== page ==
Chartpart – Mashup of the Day

Chartpart is the Mashup of The Day on Programmable Web.

(Thank you to whoever over there is noticing the tools here on leancode!)

Chartpart gets improved axis labels

Chartpart got a few new features today.

  1. Chartpart more correctly handles the automatic axis labeling for horizontal charts.  Previously, the label was slapped down on the bottom axis, regardless of the data orientation — which was just plain wrong.
  2. There is now an “Extra Axis Label” section of the form. Select which side of the chart to label, and enter a comma-separated list of labels with which to label that axis.  One interesting thing about the Google engine is it allows multiple labels per axis.  Future chartpart features may include auto-labeling of the data axis (based on the data ranges), and ability to add an arbitrary number of axis labels (now limited to 2+category axis).
  3. The layout was modified to be more fluid.  This lets additional form fields, etc. fit more easily on the page, and make full use of the window as it is resized. But it also has some ugly aspects. Suggestions welcome.
  4. Added an HTML preview for people who want to cut/paste an img tag directly into an HTML editor, with correct formatting (e.g. ampersands are escaped).
  5. Scatter plots and Venn Diagrams still don’t have any special help or data handling — you still have look at the Google API docs to see how to enter data for those chart types. But then, chartpart helps encode that data and lay out the chart.

Thanks, Jonathan, Jeffrey, and everyone for your suggestions.

The new charpart has received visits from over 1200 people in the last 10 days.  That’s more then the previous Rails-based, no-permalink-to-chart version received in over 12 months.  The time spent updating it has proved worth it.  And, again, there’s no complex server to maintain, so I’m happy.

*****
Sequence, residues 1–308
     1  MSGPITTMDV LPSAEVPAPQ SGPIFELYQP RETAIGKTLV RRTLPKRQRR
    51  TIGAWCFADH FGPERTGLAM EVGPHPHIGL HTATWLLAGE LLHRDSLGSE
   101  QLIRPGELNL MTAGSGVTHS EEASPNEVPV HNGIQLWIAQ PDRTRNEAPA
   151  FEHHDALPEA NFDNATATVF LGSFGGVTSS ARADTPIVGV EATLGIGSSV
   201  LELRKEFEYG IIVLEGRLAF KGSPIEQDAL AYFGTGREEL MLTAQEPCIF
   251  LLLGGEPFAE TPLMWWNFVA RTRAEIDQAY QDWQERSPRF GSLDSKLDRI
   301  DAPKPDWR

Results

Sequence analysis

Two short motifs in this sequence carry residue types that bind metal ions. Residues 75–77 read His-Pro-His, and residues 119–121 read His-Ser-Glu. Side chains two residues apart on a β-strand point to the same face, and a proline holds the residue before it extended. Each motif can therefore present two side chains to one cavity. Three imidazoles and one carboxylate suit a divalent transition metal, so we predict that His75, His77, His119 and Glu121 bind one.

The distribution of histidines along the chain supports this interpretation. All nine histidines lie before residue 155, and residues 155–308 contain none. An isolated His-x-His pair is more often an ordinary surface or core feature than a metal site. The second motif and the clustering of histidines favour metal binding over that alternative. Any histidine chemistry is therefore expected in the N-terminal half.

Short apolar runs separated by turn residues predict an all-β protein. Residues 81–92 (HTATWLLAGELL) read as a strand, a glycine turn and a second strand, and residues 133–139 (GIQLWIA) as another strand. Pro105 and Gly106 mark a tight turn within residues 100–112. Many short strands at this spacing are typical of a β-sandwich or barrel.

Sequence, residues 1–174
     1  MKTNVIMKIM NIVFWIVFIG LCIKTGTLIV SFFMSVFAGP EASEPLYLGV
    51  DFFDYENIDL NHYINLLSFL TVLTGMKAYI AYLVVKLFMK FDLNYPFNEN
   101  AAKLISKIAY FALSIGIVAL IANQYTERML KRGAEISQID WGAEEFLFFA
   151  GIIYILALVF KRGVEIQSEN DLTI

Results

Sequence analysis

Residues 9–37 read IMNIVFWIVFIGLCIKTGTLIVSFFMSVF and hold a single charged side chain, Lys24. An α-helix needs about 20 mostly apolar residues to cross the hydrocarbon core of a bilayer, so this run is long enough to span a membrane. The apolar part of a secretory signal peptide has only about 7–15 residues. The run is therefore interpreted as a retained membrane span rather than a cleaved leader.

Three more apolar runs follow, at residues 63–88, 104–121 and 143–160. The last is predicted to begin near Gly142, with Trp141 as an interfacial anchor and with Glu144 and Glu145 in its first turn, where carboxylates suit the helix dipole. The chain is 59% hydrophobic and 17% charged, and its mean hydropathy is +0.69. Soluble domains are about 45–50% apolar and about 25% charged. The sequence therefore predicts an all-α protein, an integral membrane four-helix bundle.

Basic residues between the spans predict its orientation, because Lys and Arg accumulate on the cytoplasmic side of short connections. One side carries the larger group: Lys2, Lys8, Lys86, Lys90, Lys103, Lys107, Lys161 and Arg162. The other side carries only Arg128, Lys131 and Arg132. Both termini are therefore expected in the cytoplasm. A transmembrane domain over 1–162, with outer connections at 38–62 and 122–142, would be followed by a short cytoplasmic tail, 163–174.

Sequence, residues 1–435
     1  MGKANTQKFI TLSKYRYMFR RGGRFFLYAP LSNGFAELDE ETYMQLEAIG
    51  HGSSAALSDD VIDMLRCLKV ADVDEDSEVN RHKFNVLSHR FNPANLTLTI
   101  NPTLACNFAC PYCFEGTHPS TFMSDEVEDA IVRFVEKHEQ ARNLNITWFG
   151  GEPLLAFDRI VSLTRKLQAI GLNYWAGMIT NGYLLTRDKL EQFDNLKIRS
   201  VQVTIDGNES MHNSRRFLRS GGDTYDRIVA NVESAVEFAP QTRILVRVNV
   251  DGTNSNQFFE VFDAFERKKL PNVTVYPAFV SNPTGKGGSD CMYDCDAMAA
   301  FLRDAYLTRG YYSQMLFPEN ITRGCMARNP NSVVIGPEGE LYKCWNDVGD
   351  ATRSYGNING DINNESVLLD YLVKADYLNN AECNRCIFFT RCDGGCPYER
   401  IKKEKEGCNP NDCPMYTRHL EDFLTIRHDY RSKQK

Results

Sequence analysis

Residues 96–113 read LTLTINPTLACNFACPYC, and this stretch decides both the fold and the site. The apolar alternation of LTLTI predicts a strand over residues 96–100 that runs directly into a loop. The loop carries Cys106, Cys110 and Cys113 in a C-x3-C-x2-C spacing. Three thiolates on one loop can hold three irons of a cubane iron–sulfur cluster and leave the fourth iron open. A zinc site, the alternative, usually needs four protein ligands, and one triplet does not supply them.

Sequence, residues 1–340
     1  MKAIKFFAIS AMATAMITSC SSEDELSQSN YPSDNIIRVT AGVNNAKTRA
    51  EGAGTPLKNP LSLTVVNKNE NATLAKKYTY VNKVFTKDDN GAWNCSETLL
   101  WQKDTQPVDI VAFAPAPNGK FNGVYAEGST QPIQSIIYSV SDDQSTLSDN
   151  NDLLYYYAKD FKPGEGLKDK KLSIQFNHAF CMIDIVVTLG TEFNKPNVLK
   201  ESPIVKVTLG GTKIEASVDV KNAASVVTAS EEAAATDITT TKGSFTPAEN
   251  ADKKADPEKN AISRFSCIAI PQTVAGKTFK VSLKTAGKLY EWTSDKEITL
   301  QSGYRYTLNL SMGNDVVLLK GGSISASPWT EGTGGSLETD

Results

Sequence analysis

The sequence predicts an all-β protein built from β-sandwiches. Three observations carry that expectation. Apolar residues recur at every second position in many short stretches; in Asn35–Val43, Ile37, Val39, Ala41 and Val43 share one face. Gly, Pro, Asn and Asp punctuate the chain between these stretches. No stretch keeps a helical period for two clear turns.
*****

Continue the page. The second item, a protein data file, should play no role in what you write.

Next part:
New Chartpart.Com uses Google Chart API

If the Internet is overwhelming us with a flood of data, then graphical summaries of that data are one way to manage the torrent.

Chartpart was created to make it easy to quickly summarize some data in a chart, and post the result as part of a blog post, wiki, or web page. Check it out to see what it can do.

Chartpart was originally created with Rails in the summer of 2007. It was created to scale well, which made for a bunch of work on the server side to be able to handle generating tens of thousands of chart images a day. Unfortunately, the site wasn’t that compelling — only a handful of users showed up daily. A great learning experience, but a waste otherwise.

One reason was Chartpart did not provide a permanent URL for the generated images (because I didn’t want to commit to keeping the server up forever). For users, it was a hassle to generate then save the images in a hosted location where you could link to them.

When Google launched their Chart API a few weeks ago, it was a great opportunity to take a fresh shot at doing Chartpart in a much simpler and better way.

Some of the benefits are

  • Every generated chart now has a permanent URL link provided by Google (formatted for you by Chartpart). Feel free to use it on any blog/web page. It’s subject to the same usage limits as other clients of the chart API — 50,000 hits/day/domain, which should do for any small/med traffic site.
  • Chartpart itself is now simply an HTML/CSS/Javascript app. There’s no server side logic, so the automagical updating of the chart image as you play with the settings is quite fast, and Chartpart itself will be much easier for me to maintain for the long term — relatively, Rails apps can be a lot of work to deploy and maintain.

The new chartpart is now up — try it out and let me know if it’s useful to you. It’s a simple 1-1 mapping of the old functionality to the new chart API. There are many additional capabilities of Google’s API that it can’t do today, but feedback on what you’d like to see is welcome.

Google’s new Chart Generation API

Google announced a new charting API that is wonderfully simple to work with. Like Joe Gregorio’s sparklines service, it’s simply a URL-based interface that you can use as the source for your HTML image tags — and this makes it wonderfully useful.

I’ve used Joe’s service for things like Feedsparks, where these services do all the heavy lifting, and the glue to pull it all together runs in the browser (Javascript). This lets me can put a useful, functional little widget out there, and know that it will still be working years from now, with no server maintenance on my part (thus making it easier for you to adopt it and know it’ll stick around).